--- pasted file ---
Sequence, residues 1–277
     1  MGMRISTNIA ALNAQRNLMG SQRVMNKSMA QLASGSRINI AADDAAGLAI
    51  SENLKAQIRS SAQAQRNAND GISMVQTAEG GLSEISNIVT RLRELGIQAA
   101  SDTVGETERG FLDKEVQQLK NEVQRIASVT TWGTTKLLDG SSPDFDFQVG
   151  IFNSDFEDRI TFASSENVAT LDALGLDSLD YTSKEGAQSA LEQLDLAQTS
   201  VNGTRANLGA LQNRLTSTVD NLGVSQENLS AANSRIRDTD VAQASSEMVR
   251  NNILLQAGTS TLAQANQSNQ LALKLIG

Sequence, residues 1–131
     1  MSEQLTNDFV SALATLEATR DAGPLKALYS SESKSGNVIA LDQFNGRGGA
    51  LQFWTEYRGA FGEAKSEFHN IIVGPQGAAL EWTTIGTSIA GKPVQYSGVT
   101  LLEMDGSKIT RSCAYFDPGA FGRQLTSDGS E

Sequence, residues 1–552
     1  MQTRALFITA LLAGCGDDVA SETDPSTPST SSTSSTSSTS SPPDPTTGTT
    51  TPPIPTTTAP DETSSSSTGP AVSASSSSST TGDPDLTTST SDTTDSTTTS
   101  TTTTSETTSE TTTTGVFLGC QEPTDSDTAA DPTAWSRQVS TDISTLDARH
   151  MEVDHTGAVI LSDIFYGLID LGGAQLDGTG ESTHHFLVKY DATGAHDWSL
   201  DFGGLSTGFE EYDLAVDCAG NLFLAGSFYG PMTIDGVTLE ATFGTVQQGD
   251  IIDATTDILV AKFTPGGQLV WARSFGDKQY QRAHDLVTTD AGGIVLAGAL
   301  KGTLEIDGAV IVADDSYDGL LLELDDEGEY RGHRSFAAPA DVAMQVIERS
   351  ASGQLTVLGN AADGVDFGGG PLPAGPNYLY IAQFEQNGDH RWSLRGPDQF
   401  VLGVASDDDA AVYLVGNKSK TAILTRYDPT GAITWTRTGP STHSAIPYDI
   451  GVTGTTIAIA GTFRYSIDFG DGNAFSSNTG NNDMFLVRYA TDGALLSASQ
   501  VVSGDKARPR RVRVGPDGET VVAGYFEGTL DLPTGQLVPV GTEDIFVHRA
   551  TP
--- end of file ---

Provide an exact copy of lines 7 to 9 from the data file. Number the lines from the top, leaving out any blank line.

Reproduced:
   251  NNILLQAGTS TLAQANQSNQ LALKLIG

Sequence, residues 1–131
     1  MSEQLTNDFV SALATLEATR DAGPLKALYS SESKSGNVIA LDQFNGRGGA